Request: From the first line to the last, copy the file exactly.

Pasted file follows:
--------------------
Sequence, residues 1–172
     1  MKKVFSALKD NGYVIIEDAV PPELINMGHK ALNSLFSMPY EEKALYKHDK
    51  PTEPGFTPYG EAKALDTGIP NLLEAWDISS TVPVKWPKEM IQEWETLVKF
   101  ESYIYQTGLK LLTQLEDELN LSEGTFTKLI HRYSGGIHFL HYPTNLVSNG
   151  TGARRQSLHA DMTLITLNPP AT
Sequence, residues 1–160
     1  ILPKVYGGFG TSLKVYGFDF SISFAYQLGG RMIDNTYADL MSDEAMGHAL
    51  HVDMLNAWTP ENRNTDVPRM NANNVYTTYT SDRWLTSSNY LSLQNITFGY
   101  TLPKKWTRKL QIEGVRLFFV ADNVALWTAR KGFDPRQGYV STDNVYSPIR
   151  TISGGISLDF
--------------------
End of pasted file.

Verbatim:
Sequence, residues 1–172
     1  MKKVFSALKD NGYVIIEDAV PPELINMGHK ALNSLFSMPY EEKALYKHDK
    51  PTEPGFTPYG EAKALDTGIP NLLEAWDISS TVPVKWPKEM IQEWETLVKF
   101  ESYIYQTGLK LLTQLEDELN LSEGTFTKLI HRYSGGIHFL HYPTNLVSNG
   151  TGARRQSLHA DMTLITLNPP AT
Sequence, residues 1–160
     1  ILPKVYGGFG TSLKVYGFDF SISFAYQLGG RMIDNTYADL MSDEAMGHAL
    51  HVDMLNAWTP ENRNTDVPRM NANNVYTTYT SDRWLTSSNY LSLQNITFGY
   101  TLPKKWTRKL QIEGVRLFFV ADNVALWTAR KGFDPRQGYV STDNVYSPIR
   151  TISGGISLDF